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Virginia farmers learn about potential for growing hemp, marijuana

industrial hemp marijuanaVirginia farmers attending a workshop on the regulation, production, processing and distribution of marijuana during the Virginia Farm Bureau Federation Annual Convention in Williamsburg were told there are three ways to create a legal market for growing marijuana.

“Change the federal status, get a vote by the people or create legislation at the state level,” explained Kristi Kelly, executive director of the Marijuana Industry Group, Colorado’s oldest, largest and most diverse trade association for licensed cannabis businesses.

Cannabis, she said, has a plethora of medicinal purposes. In Colorado, the growth and sale of medical and recreational marijuana is legal. She told attendees that there have been more than 20,000 published medical studies worldwide about marijuana’s efficacy. Twenty-nine states and the District of Columbia allow the growing and processing of medical marijuana.

In Virginia, the substance is still illegal; however, an MIG poll found that as many as 96 percent of Virginians support medical marijuana if prescribed by a doctor.

“As you consider growing marijuana in your state, think about what populations could benefit,” Kelly said. Studies have found marijuana can stop seizures, kill cancer cells, alleviate migraines and help with post-traumatic stress disorder symptoms, among other things, she added.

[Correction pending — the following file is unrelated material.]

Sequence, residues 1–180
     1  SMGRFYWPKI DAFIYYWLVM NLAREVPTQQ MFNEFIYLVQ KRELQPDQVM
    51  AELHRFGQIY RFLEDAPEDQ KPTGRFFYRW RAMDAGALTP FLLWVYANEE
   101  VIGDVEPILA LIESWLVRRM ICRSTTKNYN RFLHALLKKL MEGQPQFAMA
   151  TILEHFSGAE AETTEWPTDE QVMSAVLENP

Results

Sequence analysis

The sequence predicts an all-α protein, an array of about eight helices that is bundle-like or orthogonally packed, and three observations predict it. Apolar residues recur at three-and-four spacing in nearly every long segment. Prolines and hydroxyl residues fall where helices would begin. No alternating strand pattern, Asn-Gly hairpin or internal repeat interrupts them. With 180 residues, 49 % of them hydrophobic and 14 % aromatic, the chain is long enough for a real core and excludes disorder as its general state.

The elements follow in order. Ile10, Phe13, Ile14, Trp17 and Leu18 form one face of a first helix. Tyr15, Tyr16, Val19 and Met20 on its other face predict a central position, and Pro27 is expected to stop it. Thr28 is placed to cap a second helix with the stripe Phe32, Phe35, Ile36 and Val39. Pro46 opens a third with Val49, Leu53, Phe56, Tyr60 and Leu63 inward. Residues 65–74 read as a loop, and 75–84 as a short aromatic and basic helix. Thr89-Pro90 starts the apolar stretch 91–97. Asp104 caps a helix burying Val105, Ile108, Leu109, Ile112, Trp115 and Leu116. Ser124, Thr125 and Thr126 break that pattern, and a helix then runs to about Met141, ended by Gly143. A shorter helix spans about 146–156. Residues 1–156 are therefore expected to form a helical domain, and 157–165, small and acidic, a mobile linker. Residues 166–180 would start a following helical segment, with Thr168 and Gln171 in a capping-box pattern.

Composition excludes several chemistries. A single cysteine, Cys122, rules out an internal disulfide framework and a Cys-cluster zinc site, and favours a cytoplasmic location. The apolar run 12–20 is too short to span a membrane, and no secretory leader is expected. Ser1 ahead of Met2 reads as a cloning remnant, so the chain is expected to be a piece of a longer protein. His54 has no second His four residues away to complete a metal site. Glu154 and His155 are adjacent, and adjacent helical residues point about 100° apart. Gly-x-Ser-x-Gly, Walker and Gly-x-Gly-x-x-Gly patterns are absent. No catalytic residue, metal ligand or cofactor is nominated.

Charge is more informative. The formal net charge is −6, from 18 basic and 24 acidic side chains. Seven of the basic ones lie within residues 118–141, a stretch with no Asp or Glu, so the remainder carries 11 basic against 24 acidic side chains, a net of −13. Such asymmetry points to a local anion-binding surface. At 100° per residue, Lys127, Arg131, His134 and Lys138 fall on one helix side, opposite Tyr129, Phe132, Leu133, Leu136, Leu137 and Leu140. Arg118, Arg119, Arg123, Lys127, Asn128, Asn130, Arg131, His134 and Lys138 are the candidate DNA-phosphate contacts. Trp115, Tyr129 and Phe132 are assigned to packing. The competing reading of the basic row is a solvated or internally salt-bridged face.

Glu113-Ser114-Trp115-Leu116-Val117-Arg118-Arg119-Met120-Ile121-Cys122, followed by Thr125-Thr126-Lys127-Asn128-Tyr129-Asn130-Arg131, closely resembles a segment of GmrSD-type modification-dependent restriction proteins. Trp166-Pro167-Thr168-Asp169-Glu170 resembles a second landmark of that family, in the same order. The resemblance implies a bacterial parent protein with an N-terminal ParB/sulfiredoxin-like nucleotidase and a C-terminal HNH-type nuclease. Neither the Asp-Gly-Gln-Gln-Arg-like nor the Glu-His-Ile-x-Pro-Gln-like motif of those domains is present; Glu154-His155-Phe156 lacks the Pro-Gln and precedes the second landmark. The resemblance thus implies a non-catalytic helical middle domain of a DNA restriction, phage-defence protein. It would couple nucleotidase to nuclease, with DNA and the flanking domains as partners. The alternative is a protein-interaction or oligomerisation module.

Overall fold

While Farm Bureau has not taken a position on the legal cultivation of marijuana, it does support the cultivation of industrial hemp. Lindsay Reames, Virginia’s assistant secretary of agriculture and forestry, said a handful of Virginia farmers are growing hemp in conjunction with research at state universities. Until industrial hemp is no longer listed as a federally controlled substance, however, no additional farmers will be able to grow it.

Hemp has low inputs, requires minimal fertilizer and is a potential alternative cash crop to tobacco, Reames said. “Industrial hemp could be converted into biodiesel, animal feed, plastics, textiles, animal bedding and human food.”

New federal legislation introduced this summer—H.R. 3530, the Industrial Hemp Farming Act of 2017—would exclude industrial hemp from the definition of marijuana, Reames explained. The bill would open existing hemp research to Virginia colleges and add a program under which farmers could grow hemp without a university affiliation.

“We’re hoping to increase the acres of hemp planted in Virginia and to increase the number of farmers growing it,” Reames shared.

With 127,400 members in 88 county Farm Bureaus, VFBF is Virginia’s largest farmers’ advocacy group. Farm Bureau is a non-governmental, nonpartisan, voluntary organization committed to supporting Virginia’s agriculture industry and preserving the Virginia way of life. View more convention news as it becomes available at vafb.com/convention.

 
Discussion
  • Jeremy

    Interesting article… I never new a thing about how it’s possible to grow matijuana in farms. I’ve read at this site that there is one central aspect of growing a pot plant that everyone needs to understand, and that is that cannabis is a flowering plant, meaning that in nature it bears its fruits only once a year, during the fall season when the daylight hours grow shorter. But that’s all I’ve ever known…